A La Carte (February 14)
Blessings to you today.
Christianbook.com is having a Mid-Winter Sale and has lots of good products discounted (e.g. Paul Tripp’s New Morning Mercies; Tim Keller’s The Freedom of Self-Forgetfulness and new biography; John Piper’s Come, Lord Jesus; Lutzer’s We Will Not Be Silenced and We Will Not Hide; CSB Study Bible; etc.
And yes, there are a few new Kindle deals.
(Yesterday on the blog: Why Modern Dating Is So Difficult)
3 Surprising Agreements Pastors Must Make
This is such a good article from Jared Wilson. “Beginning pastors aren’t often prepared for these unspoken agreements. Veteran pastors still struggle with them. But there are a number of ‘job hazards’ that come with the pastoral territory for which every minister should be aware and to which every minister should adjust. Here are just three…”
How would you explain the doctrine of limited atonement to an Arminian?
Stephen Nichols does a good job of explaining the Calvinistic “L” here.
Join John MacArthur, Costi Hinn, Brooks Buser, Ian Hamilton, Aubrey Sequeira, and Others at The Radius Conference
June 28-29, 2023 @ Grace Community Church in Sun Valley, CA. TRC is for pastors, aspiring missionaries, and anyone interested in biblical missiology. (Sponsored Link)
Where Did Baptists Come From?
“The question of the origins of the Christian tradition called Baptist has been, and to some extent still is, a much-debated issue.” Michael Haykin offers some clarity.
Having All Things In Common
“We shouldn’t see this as some early form of communism. This wasn’t the church taking charge of the wealth of the many, but rather this was voluntary, temporary and was limited in its scope. As we continue through Acts and the letters of Paul we see that the need of the church went beyond these early meetings and would be filled by other churches as they were planted and grew.”
“Now we’re on the gospel!”
I love this: “I wish I had been there to see this one. Here’s the scene: An elderly Christian woman is speaking with college girls at a campout. Conversation is going, then the subject turns to Christ. She lights up, pumps her fist, and says, ‘Now we’re on the gospel!’ She loved that they were going to talk about Jesus.”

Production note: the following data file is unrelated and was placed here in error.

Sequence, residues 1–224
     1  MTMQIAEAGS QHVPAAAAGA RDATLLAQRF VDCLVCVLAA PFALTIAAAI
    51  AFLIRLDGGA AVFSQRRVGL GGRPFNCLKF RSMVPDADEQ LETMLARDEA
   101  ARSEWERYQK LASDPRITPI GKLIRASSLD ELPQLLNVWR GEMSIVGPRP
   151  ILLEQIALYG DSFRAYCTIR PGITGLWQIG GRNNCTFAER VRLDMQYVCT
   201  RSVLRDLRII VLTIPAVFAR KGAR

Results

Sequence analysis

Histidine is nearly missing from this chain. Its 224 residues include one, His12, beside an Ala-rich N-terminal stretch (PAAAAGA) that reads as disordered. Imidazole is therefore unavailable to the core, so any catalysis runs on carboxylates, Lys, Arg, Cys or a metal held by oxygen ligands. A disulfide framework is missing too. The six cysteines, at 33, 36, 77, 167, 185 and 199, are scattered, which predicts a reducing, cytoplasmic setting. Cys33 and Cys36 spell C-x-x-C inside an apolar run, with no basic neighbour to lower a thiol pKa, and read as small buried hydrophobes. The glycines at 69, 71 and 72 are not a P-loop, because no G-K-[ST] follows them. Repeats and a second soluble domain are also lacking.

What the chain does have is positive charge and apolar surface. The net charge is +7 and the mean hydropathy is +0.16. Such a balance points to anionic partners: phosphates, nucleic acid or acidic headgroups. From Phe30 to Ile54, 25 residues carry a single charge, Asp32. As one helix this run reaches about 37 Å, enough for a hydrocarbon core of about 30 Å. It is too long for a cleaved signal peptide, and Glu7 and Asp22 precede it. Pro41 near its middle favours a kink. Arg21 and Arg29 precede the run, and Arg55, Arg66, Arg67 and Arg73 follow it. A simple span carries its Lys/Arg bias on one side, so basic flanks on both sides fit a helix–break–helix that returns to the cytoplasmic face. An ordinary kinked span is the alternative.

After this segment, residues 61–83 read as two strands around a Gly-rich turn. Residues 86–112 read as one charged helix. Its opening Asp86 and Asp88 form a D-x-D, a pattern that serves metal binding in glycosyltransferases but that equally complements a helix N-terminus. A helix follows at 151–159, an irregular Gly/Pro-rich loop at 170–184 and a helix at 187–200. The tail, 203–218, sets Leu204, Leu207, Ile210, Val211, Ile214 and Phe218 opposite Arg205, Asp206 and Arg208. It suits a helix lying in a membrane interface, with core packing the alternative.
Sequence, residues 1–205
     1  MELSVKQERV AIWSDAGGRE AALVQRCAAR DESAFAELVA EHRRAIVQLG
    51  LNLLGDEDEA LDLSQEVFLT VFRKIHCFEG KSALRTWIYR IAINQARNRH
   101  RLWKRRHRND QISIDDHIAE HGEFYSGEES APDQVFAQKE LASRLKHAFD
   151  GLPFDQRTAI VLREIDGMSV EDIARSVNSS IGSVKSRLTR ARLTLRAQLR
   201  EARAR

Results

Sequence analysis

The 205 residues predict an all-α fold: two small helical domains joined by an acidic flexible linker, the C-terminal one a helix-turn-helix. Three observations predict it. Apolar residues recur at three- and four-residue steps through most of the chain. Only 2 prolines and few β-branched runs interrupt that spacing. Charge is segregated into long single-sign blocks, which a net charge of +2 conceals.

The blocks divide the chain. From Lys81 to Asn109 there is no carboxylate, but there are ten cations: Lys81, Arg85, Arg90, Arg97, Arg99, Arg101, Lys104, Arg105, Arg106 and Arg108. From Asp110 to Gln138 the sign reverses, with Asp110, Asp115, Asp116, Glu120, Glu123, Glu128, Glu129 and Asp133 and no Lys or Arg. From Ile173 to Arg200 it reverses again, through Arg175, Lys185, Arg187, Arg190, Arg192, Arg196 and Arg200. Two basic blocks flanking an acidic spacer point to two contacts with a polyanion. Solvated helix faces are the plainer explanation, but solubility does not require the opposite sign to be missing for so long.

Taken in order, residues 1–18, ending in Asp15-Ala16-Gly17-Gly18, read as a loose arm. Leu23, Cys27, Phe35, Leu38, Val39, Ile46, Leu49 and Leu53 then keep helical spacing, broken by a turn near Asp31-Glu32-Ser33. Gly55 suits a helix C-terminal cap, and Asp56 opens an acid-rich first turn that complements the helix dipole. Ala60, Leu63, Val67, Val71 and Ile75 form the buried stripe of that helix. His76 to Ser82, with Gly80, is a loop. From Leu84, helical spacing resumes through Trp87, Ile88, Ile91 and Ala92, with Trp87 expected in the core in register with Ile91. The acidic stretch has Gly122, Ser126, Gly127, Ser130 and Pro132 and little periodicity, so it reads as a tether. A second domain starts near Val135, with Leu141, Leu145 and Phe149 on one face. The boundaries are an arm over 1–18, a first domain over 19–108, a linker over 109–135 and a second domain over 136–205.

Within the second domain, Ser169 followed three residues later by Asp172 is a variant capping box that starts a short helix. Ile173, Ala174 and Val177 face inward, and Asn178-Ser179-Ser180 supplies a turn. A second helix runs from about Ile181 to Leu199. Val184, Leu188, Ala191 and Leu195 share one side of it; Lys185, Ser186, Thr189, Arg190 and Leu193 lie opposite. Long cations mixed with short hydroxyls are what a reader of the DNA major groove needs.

Flashback: The Music of Heaven
There is a sense in which our worship extends far beyond the four walls of our little building and reaches to the very gates of heaven.
Any hurried goodbye may be for years, and perhaps final; surely then it should be loving. —J.R. Miller
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A Christian Case for Bitcoin and BlockchainBy Tim Challies — 1 year ago
A recent article intrigued me with its assertion that it is better to understand Bitcoin as gambling than investment: “An asset that never pays a dividend but has a price that keeps rising is a bubble. An investor can believe Bitcoin is a bubble and rationally invest so long as she expects to sell out before the bubble pops. But that isn’t investing; that’s gambling, and it’s a zero-sum game.” Being largely unfamiliar with Bitcoin and cryptocurrencies, I wanted to think this matter through. I know a number of believers who are enthusiastic about Bitcoin and blockchain, not just as it pertains to personal finances but also as it may serve ministry purposes. What follows is an article these men wrote that makes a basic Christian case for Bitcoin and the blockchain technology behind it. It provides an alternate perspective for those of us just beginning to think this through. I hope you find it helpful.
As Christians, we are responsible before God to approach every area of our lives as an opportunity to glorify His name, advance His Kingdom, and steward His creation. It shouldn’t surprise us that many believers approach the financial and investment world with a healthy dose of skepticism. After all, Wall Street does very little to improve on its reputation as a place where all moral standards are eclipsed by pure greed.
So when we venture one step further, into the uncharted territories of cryptocurrencies and blockchain technology, the landscape appears even more extreme. Many believers see a culture of wild betting and extreme risk that seems at odds with scriptural calls to contentment, wisdom, and financial prudence. But shouldn’t we of all people ought to know not to judge by outward appearances? And if volatile prices and risk of loss are going to deter us, well we might as well just keep our money in a hole instead of investing at all (Matthew 25:14-30). But in Jesus’ parable it wasn’t the servant who played it safe in his stewardship who received a commendation.
Faith is a necessary part of everything the Christian undertakes. We shouldn’t expect it to be any different when it comes to our finances. Instead, the wise steward evaluates risk and reward with clear eyes. The wise steward seeks for opportunities to make better returns on his Master’s resources. So what does the world of Bitcoin, blockchain, cryptocurrency and what’s being called “web3 technology” have to offer the church? And how should Christians be engaging with this technological revolution?
Source: Fabric Ventures
In just over a decade, crypto has grown from a tiny fad for fringe computer nerds to a major force in today’s financial world. That’s because blockchain, the underlying technology that is used by cryptocurrencies, has the potential to prove one of the most profound innovations since the printing press.